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Categories: gambling | lottery

Loto-Quebec Will Offer Canadians New Online Gambling Opportunities

Feb 16, 2010

Canadian gambling law continues to liberalize and as a result, online gambling will be made legal and offered most recently in the Province of Quebec. The lotto and internet poker rooms are the first to be offered. Loto-Quebec will team up with other companies to cover a larger part of Canada.

The Montreal Gazette: Loto-Québec goes online

Loto-Québec will offer Quebecers online poker and sports betting at a site that should be live this year in order control a new, beneficial stream of revenue. Plans received the blessing of the Quebec cabinet, which intends to “cannibalize illegal gambling sites” and see a common electronic platform created for Loto-Québec, B.C. Lottery Corp. and Atlantic Lottery Corp., which covers Canada’s 4 Atlantic Provinces.

A memorandum of understanding was signed by the 3 corporations providing rules governing the new games. Quebec and its partners will need high betting limits to compete with existing online operations. Even with high limits, it’s not sure that the new sites will succeed in luring players from older sites. The number of viable players is a big concern at the moment.

At a media conference in Montreal, the main focus was on legitimacy, regulation and protection that provincially run online gambling would offer consumers. Online games could generate as much as $50 million in new revenue for Quebec in 2012.

CBC News: Loto-Québec to offer online gambling

Quebec’s lottery corporation will launch its first online gambling service this September. Loto-Québec hopes it will add millions of dollars to its coffers by 2013. Allowing Loto-Québec to join the lucrative online market could earn the province $50 million over 3 years, according to Finance Minister Raymond Bachand.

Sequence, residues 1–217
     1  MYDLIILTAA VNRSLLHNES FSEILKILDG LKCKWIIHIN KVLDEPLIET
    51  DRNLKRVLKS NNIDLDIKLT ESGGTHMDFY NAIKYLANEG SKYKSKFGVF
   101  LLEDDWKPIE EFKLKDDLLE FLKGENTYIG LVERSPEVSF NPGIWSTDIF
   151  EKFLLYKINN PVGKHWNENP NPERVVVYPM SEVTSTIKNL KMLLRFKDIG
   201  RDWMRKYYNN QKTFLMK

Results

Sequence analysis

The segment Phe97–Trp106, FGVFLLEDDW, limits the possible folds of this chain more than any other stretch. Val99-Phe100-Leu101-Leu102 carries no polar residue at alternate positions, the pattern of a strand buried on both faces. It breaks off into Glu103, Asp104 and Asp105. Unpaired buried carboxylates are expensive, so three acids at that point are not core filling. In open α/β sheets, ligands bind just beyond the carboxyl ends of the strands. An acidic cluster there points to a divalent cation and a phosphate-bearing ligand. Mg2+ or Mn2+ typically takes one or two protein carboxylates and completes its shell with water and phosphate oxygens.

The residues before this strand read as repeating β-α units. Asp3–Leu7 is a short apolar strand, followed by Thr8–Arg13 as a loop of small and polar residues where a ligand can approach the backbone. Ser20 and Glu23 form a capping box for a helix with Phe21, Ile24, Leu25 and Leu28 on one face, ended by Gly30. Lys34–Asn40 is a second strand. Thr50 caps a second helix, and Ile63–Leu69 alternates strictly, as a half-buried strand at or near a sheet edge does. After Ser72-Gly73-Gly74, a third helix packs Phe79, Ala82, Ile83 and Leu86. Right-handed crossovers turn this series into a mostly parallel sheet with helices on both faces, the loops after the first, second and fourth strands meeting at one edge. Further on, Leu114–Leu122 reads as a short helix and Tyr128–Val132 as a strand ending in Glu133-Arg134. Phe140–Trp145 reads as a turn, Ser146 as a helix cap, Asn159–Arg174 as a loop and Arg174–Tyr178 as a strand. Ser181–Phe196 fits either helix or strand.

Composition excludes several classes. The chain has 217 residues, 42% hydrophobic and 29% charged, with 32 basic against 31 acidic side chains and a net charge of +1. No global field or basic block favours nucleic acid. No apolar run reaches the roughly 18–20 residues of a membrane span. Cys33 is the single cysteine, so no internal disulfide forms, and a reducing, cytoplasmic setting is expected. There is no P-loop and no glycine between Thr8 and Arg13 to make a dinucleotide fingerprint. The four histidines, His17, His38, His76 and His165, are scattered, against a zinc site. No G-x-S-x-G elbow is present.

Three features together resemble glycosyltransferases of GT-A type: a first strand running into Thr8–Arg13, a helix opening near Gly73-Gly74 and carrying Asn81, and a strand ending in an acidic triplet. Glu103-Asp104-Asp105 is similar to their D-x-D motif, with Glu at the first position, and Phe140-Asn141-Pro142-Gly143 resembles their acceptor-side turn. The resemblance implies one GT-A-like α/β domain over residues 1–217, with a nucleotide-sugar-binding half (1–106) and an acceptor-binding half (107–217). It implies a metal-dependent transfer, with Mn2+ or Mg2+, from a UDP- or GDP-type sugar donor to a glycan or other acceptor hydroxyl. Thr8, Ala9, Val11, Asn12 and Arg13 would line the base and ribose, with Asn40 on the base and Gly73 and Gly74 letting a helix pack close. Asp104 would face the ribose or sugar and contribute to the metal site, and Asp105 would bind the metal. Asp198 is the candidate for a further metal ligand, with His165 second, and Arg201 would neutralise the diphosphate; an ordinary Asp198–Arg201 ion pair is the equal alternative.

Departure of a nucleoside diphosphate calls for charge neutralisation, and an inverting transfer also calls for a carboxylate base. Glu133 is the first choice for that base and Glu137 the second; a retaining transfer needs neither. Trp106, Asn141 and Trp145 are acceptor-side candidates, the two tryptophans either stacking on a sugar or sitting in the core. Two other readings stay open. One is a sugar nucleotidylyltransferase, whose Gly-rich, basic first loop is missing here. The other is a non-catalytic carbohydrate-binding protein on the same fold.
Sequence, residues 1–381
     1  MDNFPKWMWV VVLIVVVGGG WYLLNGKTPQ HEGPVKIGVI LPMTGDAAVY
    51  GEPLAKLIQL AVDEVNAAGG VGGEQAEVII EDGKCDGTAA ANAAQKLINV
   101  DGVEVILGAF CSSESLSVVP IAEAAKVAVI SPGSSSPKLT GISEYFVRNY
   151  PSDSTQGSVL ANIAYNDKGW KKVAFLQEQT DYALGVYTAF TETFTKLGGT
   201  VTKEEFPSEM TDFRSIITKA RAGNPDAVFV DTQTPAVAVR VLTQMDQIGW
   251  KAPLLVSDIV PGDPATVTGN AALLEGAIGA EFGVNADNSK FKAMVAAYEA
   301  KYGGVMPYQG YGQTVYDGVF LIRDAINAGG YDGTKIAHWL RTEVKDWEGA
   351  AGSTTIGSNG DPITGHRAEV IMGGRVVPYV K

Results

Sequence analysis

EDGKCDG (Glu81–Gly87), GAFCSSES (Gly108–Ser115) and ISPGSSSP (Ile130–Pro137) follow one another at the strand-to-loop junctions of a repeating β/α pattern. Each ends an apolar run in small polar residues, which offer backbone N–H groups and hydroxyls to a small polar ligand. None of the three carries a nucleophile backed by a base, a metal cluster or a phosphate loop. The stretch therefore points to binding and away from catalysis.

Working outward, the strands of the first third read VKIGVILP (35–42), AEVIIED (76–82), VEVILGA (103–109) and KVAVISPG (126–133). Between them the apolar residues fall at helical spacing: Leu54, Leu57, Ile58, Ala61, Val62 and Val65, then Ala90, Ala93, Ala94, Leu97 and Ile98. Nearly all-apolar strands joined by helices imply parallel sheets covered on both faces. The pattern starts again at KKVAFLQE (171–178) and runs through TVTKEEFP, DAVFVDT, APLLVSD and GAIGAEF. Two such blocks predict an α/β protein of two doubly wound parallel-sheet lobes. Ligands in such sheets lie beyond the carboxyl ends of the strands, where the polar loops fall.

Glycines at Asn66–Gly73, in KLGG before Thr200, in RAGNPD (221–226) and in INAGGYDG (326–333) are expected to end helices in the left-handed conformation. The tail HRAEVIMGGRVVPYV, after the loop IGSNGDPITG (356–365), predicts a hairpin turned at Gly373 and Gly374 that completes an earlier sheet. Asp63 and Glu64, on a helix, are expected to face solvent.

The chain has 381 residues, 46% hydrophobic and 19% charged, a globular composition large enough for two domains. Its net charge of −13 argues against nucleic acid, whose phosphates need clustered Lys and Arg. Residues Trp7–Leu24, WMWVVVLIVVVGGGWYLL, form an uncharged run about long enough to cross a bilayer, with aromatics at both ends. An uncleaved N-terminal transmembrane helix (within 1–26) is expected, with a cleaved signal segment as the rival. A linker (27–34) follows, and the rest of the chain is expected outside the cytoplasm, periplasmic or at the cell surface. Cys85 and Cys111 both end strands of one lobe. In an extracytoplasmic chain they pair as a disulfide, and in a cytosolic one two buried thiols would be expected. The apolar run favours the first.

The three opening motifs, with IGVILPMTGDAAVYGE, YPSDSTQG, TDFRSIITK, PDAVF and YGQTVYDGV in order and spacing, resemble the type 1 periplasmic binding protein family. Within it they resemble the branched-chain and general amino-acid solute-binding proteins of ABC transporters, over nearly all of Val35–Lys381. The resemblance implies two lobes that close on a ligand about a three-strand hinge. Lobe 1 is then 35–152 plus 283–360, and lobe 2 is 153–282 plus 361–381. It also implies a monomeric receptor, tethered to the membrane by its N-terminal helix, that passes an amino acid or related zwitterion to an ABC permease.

Social costs regarding young adults are particularly grim, suggested Danielle Doyer, the Parti Québécois ’s social services critic. She accused the Liberal government of ignoring the costs in favor of financial gain. Loto-Québec, however, argues that Quebeckers already have access to more than 2,000 online gambling sites that are “illegal and unregulated.”

The site will require players to verify their age, limit their weekly account replenishments and allow players to “self-exclude at all times.”

He also cited a public health study that showed no increase in problematic gamblers in Quebec between 1996 and 2002, suggesting the proportion of the population addicted to gambling always remains the same, regardless of the number of gambling outlets.

The Canadian Press: Quebec loto commission to join B.C. and Atlantic Canada online gambling venture

Quebec’s lottery commission plans to offer online gambling by this fall. On Wednesday, the Quebec government announced that it is allowing Loto-Quebec to set up poker and sports betting sites online. Loto-Quebec will join lottery commissions from British Columbia and Atlantic Canada to provide a common platform for online gamblers.

According to Quebec Finance Minister Raymond Bachand, online gambling is already widespread and government coffers could benefit greatly from the continuously growing market. He says he expects the government to receive around $50 million in dividends from Loto-Quebec’s online venture after just three years.

The lottery commission promised to take steps to limit underage players from taking part.